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In many sports, there are moments when you can choose to commit to the contest and risk injury in the quest for greatness and victory for your team, or you can back down and risk mediocrity.  Avoiding physical contact is called taking the “soft option.”

Every day, we are confronted with multiple choices.  How we act on those options will determine our future success.

In life, most people choose what’s easiest, what they’ve always chosen, what’s most convenient, what they see everyone choose, perhaps what their parents chose.

If you want to make the most of your life and stand out from the crowd, don’t take the soft option.

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milk bottle showing cream at the top

Image via Wikipedia

My wife and I have an ongoing discussion about how much milk we should buy every week.  

She does the grocery shopping (thanks dear) and tries to buy just enough milk to get through the week.  My contention is that she should buy more than we expect to use because sometimes we run out of milk and then have to make an extra trip.   

As I looked in the fridge the other morning to get milk for the kid’s cereal, I realised that we can fall into a dangerous trap in life if we always try to do the minimum amount required.  I understood again that successful people always “buy more milk!”  

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The above statement has been heard on many occasions and I’m sure that you’re familiar with the term.

The term was first used in the Bible in Galatians 6:7 and continues to resonate today because we know that it’s true.

Unfortunately, so often it’s said in hindsight.

Something goes wrong in someone else’s life and we tell people that they reaped what they sowed.  Everyone nods their heads knowingly and feel relieved that it wasn’t them.

I suspect that we focus too much on the reaping and not enough on the sowing.

Let’s change that together!

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The Buffet at Langhams


I recently had the opportunity to indulge in the fantastic buffet at the Langham Restaurant in Melbourne (thanks boss).   

Being a person who likes his food, I was reminded of the following analogy from Brian Tracy’s excellent book on Goals.  The analogy is based around the idea of long-term gratification.  

You see, many people treat life like an a la carte restaurant. They eat limited portions from a limited menu and then have to pay afterwards.  

Alternatively, successful people treat life like a buffet. They pay the price at the very start and then can gorge themselves on everything that is on offer.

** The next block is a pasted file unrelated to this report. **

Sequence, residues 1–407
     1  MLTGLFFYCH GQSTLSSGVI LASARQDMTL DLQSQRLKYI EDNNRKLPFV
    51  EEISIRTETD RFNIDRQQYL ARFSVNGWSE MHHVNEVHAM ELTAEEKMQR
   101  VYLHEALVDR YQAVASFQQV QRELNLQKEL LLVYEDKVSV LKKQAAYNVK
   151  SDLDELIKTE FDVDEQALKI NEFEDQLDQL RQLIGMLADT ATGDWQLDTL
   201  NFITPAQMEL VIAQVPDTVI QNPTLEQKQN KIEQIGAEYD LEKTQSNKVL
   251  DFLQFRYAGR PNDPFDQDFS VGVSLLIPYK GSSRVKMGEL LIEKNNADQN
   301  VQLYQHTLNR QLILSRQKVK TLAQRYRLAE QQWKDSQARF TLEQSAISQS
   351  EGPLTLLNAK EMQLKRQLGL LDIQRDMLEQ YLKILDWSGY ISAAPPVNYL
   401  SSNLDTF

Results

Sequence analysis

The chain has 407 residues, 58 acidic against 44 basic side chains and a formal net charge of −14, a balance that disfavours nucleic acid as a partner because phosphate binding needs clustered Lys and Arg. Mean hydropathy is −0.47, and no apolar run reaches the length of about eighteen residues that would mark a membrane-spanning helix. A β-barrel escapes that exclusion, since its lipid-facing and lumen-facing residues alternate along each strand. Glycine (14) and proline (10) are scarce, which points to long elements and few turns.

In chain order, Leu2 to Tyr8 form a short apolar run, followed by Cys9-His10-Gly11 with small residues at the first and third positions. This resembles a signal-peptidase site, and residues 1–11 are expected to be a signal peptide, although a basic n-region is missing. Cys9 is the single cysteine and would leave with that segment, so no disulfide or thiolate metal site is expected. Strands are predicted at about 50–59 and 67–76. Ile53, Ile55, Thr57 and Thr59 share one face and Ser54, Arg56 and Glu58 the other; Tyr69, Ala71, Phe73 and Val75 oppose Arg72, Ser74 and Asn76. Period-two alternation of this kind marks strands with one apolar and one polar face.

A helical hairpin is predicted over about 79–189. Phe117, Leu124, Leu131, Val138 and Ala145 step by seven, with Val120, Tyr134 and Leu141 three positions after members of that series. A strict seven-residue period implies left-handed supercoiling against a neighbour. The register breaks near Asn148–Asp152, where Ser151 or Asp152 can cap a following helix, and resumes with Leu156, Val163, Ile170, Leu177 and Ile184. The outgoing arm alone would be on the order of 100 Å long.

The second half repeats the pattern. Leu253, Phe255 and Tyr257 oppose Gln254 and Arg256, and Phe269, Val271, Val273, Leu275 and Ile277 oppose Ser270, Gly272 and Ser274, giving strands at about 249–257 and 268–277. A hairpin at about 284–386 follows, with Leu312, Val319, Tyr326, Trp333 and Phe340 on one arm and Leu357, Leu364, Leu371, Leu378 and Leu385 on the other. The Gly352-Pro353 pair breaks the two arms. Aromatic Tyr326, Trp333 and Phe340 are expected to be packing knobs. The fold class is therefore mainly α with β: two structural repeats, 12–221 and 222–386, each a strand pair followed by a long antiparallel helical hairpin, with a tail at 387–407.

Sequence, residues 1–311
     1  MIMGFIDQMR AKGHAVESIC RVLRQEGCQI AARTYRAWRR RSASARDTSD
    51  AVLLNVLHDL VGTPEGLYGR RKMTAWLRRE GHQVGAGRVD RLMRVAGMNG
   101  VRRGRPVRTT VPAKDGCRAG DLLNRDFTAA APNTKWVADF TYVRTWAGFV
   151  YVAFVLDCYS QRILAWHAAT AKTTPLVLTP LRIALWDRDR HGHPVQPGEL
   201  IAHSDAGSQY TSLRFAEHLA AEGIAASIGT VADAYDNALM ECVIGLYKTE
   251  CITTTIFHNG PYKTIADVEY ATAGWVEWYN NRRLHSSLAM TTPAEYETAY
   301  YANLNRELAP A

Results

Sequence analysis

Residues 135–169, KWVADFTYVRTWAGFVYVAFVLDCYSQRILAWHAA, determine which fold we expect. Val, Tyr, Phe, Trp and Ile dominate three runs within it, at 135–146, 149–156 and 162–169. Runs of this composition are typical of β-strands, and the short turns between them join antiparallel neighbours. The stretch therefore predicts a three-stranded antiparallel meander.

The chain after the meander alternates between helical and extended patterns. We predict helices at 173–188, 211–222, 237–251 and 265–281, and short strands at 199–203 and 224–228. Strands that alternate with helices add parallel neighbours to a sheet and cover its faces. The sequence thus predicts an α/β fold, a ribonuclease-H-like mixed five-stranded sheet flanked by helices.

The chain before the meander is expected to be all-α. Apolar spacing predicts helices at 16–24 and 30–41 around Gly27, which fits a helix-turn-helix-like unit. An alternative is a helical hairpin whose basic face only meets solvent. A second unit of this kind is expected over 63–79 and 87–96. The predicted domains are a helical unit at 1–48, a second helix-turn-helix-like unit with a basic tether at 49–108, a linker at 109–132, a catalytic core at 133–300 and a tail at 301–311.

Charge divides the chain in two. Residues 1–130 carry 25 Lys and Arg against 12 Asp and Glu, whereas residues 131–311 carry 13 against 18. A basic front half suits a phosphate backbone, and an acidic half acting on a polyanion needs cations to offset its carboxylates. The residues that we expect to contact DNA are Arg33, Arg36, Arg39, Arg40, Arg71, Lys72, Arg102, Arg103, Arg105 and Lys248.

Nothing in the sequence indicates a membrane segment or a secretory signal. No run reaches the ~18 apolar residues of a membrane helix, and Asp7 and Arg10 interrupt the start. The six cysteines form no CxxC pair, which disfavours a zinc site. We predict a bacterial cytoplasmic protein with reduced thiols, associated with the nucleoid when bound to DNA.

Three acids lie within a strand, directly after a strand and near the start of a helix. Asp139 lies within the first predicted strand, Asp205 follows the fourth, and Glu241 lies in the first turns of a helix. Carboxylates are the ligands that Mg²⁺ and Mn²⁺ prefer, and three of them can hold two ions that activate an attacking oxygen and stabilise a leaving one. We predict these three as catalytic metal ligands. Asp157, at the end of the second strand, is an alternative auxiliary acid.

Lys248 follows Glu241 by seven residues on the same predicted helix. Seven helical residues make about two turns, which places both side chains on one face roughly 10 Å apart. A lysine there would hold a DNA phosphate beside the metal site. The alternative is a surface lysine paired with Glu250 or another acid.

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Throughout our lives we will be confronted with the opportunity to do one of two things. 

Do we wait or create?

Do we sit on the sofa, or get up and make something happen?

The choices that we make today can quickly become habits, so make conscious choices now so that you can own the more resourceful habits of the future.

The exciting news is that each of these options is 100% in our control.

I’ll let you decide which is the better choice.

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Me and my first-born, Hayden.


  I can still remember the moment when my first-born, Hayden came into the world.  The amazing sense of relief, love and then…panic!  

What do we do now?  Where’s the instruction manual?    

The nurses in the hospital were so brilliant as they showed me how to give Hayden his first bath and get him dressed in his little outfit for the first time.  Then, as I held him in my arms they left the room.  Aaaaaargh!  What do I do now?Whilst I don’t claim to have all of the answers and there still isn’t a manual that comes with parenthood, this post is designed to assist first-time parents with some of the dilemmas that they face as well as allowing others to add their tips in comments at the bottom.    

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Mineral water being poured from a bottle into ...

Image via Wikipedia

Many times over the years I have heard that drinking water is good for your health.  However, it wasn’t until recently that I realised just how beneficial such a simple change can be. 

It is recommended that adults drink approximately 8 glasses of water per day (the equivalent of almost 2 litres).   Making a habit of regularly drinking water is important, but sometimes we need a compelling reason to change. 

Here are a few that I could find: Read the rest of this entry »

Photo via Flickr

Gardening is a great hobby that is enjoyed by many people.  Whilst I wouldn’t call myself an avid gardener, when I finally drag myself outside on a nice day, it is a nice feeling to get a few odd jobs done and have the place looking better. 

Today was one of those days for me and as my wife and I pottered around in the front garden, enthusiastically assisted by our five year old, I had time to reflect on a few life principles that related to gardening. 

So what can we learn from gardening?

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On our personal development journey, a lot of focus is placed upon how we can create good habits to assist us in being successful.

But how do bad habits grow and what are some of the warning signs that we need to watch out for?

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Benjamin Franklin once said, “Early to bed and early to rise makes a man healthy, wealthy and wise.”

It’s generally considered that getting up nice and early will enable you to launch into the day and be more productive with your time, increasing your opportunity to be successful.

What can we do to win the struggle to get up in the morning? 

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